In praise of praise

Photo: Getty Images
Photo: Getty Images
With the right kind of encouragement, we can all do better, writes life coach Jan Aitken.

Jan Aitken
Jan Aitken
I've been led to believe, like many others, that praise for a job well done was one of the most affirming and motivating gestures we could offer someone.

Whether it is a child or an adult, at home, school, on the sports field or work then praise is the key to keeping people engaged. It turns out that is true ... and not so true!

Confused? Let's take a wander down the path of praise and I'll explain on the way.

Some people treat praise like a rare mineral and extract it for distribution on very odd occasions, only when all the stars and planets are in alignment! Lack of praise can leave children, team members, employees, partners etc feeling very unmotivated and disconsolate because nothing they do feels good enough. There's simply not enough feedback for them to feel valued, loved, appreciated or any number of other emotions. The good news is praise is a renewable resource, so we don't have to be Scrooge-like about dispensing it.

Shawn Achor (Harvard lecturer, speaker, happiness researcher) says ''Praise creates a virtuous cycle - the more you give, the more you enhance your own supply''. He points out that praise primes the brain for higher performance. We want to achieve more, improve, investigate, try harder. The more we praise, the more success we create. The more successes we create, the more there is to praise.

So praise is very important, but the type of praise delivered is even more important.

A common way to praise is by telling someone they ''were the best speaker/runner/whatever today''. Research tells us this is not the most helpful approach to take.

Firstly, it undermines all the other speakers/runners/whatevers and secondly it can set up a worrying thought pattern that has the recipient questioning if they'll be the best tomorrow, next week, or whenever. Can they maintain that ''best'' status? What happens if they are not the best? Now there is doubt in their mind and a little uncertainty.

It's also been shown that people who were told they were the best stopped trying to improve. Unintentionally we may just have limited someone and stopped them reaching their potential. On the other hand, we may have set them up for endless anxiety and disappointments as they seek to always be the best, at any cost to themselves or others.

Psychologist Carol Dweck carried out a series of experiments with children. In her experiments, some children were praised for their efforts in mastering a new challenge by being told ''You must have worked really hard''. Others were praised for their intelligence and ability, with ''You must be smart at this'', similar to the kind of thing many parents and caregivers say when their children do well: ''You're a natural maths whiz, Johnny.''

Yet these simple messages to children were found to have profoundly different consequences. Children who were praised for their efforts, even when they didn't ''get it'' at first, eventually performed better, tried harder and liked what they were learning more than the children praised for their natural abilities.They were also more likely to regard mistakes and criticism as useful information that helped them improve.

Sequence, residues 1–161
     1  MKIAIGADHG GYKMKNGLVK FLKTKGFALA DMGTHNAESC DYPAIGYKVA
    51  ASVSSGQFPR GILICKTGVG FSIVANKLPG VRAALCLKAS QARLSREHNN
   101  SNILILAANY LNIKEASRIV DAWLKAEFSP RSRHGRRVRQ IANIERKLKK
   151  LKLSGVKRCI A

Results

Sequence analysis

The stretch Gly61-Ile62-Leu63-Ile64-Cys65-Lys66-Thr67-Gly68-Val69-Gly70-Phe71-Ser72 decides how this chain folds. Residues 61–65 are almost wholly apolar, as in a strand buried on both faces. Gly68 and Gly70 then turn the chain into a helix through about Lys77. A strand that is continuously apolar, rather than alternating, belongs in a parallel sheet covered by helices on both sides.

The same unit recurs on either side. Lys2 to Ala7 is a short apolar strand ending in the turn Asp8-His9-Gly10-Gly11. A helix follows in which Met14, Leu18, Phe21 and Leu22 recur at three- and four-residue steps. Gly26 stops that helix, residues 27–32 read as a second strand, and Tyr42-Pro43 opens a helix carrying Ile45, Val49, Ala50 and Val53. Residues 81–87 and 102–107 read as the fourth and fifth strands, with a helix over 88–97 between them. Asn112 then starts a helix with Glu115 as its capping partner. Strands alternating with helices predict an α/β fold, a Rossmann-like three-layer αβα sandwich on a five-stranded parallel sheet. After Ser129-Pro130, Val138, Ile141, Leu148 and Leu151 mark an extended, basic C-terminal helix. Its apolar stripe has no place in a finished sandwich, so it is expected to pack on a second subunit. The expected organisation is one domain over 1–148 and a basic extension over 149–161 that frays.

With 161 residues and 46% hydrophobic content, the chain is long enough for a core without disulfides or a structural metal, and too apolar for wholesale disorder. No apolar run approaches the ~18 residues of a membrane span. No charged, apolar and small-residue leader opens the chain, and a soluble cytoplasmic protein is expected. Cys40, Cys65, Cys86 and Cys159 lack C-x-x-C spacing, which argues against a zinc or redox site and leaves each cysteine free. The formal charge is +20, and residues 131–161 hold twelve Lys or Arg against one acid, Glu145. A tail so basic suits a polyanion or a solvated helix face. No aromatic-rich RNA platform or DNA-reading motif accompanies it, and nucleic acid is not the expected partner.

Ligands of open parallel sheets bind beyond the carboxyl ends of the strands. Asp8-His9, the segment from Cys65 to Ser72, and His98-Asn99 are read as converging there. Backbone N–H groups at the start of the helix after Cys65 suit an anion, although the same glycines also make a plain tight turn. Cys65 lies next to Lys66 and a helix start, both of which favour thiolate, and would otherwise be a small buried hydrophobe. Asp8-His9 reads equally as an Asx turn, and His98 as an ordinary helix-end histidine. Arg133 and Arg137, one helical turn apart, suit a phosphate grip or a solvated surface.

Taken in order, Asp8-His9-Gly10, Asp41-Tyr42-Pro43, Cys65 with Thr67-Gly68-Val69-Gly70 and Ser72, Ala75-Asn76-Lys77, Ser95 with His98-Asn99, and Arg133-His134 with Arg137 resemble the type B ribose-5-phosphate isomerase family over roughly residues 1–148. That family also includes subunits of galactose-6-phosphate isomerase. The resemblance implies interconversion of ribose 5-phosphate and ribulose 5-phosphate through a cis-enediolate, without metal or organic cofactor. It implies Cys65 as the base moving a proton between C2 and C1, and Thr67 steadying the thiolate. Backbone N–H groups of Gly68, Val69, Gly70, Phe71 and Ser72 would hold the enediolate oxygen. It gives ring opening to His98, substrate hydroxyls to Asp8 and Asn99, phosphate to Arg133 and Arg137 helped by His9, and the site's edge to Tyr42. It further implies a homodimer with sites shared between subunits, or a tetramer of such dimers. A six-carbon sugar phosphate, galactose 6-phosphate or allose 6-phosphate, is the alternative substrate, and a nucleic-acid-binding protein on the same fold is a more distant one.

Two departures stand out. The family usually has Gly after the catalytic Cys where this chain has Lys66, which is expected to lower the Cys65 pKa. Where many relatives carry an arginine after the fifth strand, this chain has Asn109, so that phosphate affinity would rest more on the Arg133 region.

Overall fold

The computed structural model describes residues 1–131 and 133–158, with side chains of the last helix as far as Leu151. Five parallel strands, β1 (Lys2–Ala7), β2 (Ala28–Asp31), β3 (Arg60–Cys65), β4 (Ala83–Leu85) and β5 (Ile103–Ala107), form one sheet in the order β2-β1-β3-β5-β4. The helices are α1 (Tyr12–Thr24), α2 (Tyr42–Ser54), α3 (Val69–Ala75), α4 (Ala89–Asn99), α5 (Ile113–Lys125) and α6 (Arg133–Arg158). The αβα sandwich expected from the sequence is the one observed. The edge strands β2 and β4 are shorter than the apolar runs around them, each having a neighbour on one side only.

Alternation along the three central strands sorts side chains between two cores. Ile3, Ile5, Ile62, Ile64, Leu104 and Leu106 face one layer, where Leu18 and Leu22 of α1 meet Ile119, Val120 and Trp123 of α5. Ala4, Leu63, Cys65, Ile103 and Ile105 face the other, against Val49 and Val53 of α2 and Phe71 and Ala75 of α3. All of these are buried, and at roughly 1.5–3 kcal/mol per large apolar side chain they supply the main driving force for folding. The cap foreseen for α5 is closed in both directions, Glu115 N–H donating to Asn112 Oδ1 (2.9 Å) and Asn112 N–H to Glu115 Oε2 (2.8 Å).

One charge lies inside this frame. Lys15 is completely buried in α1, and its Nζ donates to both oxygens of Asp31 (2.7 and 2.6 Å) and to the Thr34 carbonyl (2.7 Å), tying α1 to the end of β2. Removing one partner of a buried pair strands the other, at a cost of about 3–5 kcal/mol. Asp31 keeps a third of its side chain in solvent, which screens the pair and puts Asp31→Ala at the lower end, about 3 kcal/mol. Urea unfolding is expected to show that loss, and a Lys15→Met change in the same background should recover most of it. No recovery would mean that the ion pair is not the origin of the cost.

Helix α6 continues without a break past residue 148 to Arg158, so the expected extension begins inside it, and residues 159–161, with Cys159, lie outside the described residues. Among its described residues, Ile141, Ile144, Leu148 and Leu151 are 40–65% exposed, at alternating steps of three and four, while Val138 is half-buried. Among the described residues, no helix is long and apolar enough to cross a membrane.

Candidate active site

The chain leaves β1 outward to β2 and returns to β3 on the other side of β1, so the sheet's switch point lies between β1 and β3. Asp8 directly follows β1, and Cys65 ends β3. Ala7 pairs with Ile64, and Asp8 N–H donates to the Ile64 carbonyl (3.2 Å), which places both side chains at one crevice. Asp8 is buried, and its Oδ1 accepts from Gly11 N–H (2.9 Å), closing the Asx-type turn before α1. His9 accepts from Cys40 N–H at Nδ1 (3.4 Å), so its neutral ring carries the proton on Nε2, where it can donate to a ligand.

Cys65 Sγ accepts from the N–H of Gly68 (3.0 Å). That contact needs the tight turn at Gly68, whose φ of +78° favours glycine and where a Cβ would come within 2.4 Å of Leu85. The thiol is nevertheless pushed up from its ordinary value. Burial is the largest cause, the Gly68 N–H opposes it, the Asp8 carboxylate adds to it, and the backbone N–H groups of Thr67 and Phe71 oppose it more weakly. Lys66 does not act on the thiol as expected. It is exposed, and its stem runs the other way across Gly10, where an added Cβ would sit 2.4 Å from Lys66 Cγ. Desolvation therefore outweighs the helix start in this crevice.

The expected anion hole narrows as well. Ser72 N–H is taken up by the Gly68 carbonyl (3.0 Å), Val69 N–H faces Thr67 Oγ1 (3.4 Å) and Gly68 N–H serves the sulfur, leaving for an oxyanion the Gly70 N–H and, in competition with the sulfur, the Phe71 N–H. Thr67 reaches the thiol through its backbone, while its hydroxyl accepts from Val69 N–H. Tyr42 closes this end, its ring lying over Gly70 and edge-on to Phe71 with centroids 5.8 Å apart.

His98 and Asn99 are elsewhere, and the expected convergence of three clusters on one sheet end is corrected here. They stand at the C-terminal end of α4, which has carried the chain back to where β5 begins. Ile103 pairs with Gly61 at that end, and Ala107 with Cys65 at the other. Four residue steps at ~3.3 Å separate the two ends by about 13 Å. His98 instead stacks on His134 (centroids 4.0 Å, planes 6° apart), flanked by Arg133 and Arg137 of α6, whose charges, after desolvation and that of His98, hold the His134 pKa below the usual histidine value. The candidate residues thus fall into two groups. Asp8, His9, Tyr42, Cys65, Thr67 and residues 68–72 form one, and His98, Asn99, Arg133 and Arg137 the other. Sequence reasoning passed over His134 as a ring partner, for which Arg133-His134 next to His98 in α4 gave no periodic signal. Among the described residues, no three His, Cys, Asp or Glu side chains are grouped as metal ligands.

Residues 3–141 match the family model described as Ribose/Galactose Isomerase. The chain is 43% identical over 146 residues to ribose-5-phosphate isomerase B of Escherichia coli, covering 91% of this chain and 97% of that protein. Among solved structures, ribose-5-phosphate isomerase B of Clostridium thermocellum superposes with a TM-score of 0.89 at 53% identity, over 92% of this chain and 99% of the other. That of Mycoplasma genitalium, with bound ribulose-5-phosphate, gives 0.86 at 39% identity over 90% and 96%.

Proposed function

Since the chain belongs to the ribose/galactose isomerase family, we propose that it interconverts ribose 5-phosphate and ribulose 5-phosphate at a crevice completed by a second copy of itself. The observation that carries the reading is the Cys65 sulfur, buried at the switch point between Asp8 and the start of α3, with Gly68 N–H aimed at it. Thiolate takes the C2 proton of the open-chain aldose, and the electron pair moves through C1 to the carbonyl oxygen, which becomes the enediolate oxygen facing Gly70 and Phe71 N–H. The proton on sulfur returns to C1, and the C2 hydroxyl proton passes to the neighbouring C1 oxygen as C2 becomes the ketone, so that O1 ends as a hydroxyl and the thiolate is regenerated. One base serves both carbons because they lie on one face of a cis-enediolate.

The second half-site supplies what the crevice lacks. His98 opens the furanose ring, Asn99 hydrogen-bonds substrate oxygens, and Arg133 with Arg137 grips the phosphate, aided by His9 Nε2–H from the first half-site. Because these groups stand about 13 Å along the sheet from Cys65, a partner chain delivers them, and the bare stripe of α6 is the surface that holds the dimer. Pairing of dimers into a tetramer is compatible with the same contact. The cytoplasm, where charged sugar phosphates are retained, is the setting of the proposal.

In contrast, children praised for their natural ability learned to care more about how competent they looked to others rather than caring about what they were actually learning. They became defensive if they didn't do well or if they made mistakes, and that set them up for a self-defeating cycle: If they don't do well they simply back off and lose interest in what they are learning or studying and stop trying to improve. A common response by the child was: ''I could do it if I wanted to, but I don't want to.''

When these children grow up, they will be the kind of adults who are afraid of making mistakes or taking responsibility because if they get it wrong that would be evidence that they are not naturally smart after all.

So how can we praise in a way that's more helpful? Achor states his ''inviolable law'' for praising is to ''never compliment someone at the expense of others''. The use of superlatives in praise (e.g. best, most, fastest, funniest, smartest etc) are to be avoided. Real praise is telling someone ''Your report was amazing'', ''I learned so much from your speech today'', ''Wow, I could see the effort and prep you put into that race, well done'' or ''I really liked the ...'', it's not telling them that their report or their speech or their result was better than another person's.

Keep the praise simple and specific. Highlighting a point you found interesting, helpful, that will change the way you do something or were impressed by etc is also more genuine than waving the ''you were the best'' wand at someone. True, it's not as simple as just throwing an off the cuff remark, but it is far more likely to help keep people, young and old, engaged, motivated and ultimately more resilient, in general.

So praise away, it's important as humans that we have that affirmation, just be thoughtful, simple and genuine in the way and about what you're praising.

- Jan Aitken is a Dunedin-based life coach.

For more go to www.fitforlifecoaches.co.nz.

Twitter:@jan-aitken

Comments

Praise builds confidence, constant criticism wrecks it. There is another factor: NZ Pakeha stoicism. This is not all bad, in terms of self reliance, the school of Non Brag. Here, people excel because 'it's their job'. It is a way to get on with it, unconcerned, for the most part, with the judgement of others.

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